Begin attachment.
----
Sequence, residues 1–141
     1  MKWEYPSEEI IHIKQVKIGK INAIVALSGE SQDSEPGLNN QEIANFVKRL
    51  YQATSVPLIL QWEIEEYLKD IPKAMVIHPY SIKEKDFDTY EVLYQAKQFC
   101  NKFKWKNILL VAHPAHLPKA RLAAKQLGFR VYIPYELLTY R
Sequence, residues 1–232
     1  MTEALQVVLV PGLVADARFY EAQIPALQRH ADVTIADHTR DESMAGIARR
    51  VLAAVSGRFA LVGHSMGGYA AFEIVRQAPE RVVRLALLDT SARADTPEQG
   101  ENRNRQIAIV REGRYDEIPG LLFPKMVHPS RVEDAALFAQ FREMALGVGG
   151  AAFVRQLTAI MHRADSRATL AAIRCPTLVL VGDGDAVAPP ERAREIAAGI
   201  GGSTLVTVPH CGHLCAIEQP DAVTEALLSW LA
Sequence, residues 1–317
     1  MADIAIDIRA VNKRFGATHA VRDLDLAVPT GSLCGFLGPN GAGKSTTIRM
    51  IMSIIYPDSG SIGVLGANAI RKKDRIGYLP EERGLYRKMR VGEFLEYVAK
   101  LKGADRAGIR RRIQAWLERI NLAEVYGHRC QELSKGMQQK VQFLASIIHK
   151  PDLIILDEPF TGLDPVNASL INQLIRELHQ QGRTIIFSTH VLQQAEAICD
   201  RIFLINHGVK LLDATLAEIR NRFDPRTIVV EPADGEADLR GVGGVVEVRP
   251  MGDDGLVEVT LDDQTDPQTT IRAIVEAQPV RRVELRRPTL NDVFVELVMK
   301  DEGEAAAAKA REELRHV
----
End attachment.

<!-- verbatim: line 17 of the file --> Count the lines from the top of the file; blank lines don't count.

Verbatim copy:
   251  MGDDGLVEVT LDDQTDPQTT IRAIVEAQPV RRVELRRPTL NDVFVELVMK